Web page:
top of page

ISO27001:2022 - A5.27 Learning from information security incidents

In life, some of the best lessons come from experience.  This is what this ISO27001 control is all about. It's linked to a number of other controls, so make sure to review the following controls if you haven't already.



What does the standard require?

The standard states that “Knowledge gained from information security incidents shall be used to strengthen and improve the information security controls.” (A5.27 - Learning from information security incidents).


Why is this required?

Everything in life teaches you lessons, if you are willing to learn, and this control is all about learning from the security incidents we experience. Security incidents are valuable opportunities to learn more about ourselves and then improve.


By assessing a security incident you can identify vulnerabilities and the security controls to implement, which will then address them in future.  This bolsters your approach to risk management and may improve your approach and response to future incidents. 


For example, following an incident, if you review how your team responded you may identify gaps in the team, either in the people involved or in their knowledge or skills. You can then look to address these gaps, so that any future incidents will be handled more effectively.



What the auditor is looking for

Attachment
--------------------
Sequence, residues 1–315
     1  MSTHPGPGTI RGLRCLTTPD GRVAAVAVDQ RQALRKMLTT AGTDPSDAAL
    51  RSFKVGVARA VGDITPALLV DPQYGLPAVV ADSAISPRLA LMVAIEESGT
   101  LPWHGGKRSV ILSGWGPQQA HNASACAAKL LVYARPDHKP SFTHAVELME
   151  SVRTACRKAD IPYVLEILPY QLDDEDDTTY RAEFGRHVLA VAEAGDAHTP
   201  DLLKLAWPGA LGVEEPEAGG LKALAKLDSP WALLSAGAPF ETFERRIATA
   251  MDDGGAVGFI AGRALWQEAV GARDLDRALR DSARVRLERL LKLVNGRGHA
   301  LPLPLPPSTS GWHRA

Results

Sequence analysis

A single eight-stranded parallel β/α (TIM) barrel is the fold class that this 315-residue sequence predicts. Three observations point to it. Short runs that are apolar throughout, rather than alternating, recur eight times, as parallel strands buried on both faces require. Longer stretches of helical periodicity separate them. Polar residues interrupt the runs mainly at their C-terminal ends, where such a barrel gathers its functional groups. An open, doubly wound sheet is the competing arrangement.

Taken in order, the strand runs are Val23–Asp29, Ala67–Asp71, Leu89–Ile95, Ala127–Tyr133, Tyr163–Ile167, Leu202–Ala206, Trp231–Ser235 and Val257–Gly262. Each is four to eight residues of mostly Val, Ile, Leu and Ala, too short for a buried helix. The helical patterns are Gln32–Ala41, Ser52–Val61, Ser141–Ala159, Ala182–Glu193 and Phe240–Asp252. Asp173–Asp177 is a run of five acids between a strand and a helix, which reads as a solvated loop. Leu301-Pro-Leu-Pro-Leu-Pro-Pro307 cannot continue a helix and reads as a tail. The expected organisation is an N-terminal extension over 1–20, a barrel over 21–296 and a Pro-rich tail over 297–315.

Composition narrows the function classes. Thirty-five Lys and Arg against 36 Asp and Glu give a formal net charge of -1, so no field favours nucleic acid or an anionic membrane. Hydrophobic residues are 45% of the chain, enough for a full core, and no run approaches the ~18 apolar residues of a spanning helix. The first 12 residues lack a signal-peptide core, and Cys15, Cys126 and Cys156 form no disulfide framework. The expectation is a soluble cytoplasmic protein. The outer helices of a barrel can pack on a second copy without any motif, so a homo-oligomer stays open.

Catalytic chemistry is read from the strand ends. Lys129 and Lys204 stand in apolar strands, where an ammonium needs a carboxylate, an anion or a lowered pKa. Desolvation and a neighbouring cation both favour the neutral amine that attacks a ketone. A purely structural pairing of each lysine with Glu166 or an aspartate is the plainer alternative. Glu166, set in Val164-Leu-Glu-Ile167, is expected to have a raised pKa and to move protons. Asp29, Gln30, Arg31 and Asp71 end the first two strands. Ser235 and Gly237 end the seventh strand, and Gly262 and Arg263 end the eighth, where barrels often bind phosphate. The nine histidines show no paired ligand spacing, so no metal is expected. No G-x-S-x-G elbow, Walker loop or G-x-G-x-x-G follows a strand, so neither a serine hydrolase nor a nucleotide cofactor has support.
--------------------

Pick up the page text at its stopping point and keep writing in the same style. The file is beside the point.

The auditor will want to see how you approach any post incident reviews and assessments, and will expect to see some form of corrective action log or reports. This could include minutes from meetings that you held, and any corrective action plans or change records. If changes are made then an updated Incident Response Plan or Business Continuity Plan will be a good indicator to the auditor that you have improved your response to future incidents.


What do you need to do?

We believe there are two aspects to learning from security incidents, where one focuses on what happened and the other focuses on how the incident was handled.


Following a significant security incident, you should ensure that you conduct a Post Incident Review (PIR) and a Root Cause Analysis (RCA). This should be carried out as soon as practicable, but no more than 1 week following the closing of the incident.  This is because memories are short, and you need to capture a lot of information about what happened and how it was handled.



Post Incident Review (PIR)

The purpose of the PIR is to discuss the timeline of the incident, not to discuss why the incident happened in the first place. That is for the RCA review you’ll conduct later.  What you’re looking to establish in the PIR is how the incident was handled by those involved in the Incident Response Plan.


You’re trying to establish;

  • A timeline of the incident management, from start to finish

  • Who was first notified?

  •  How was this escalated?

  • Who was in the communication chain?

  • What went well?

  • What could be improved?


The PIR is about what happened, so that you can improve your response to any future incidents.  You can capture this information in a Word document, which will act as minutes for your meeting.  Any improvements should be added to your action or change control log.


The next meeting you have will take place following an investigation into what happened


Root Cause Analysis (RCA)

The RCA can be a tricky review to undertake because it can feel like you’re trying to attribute blame to the incident. Although this is not the case, this is often how they can come across. Although you’re not looking to apportion blame, questions are often phrased in a way which make it feel this way.  For example, consider these questions and see if they sound like an attempt to apportion blame;


  • Did someone make a change that was unplanned?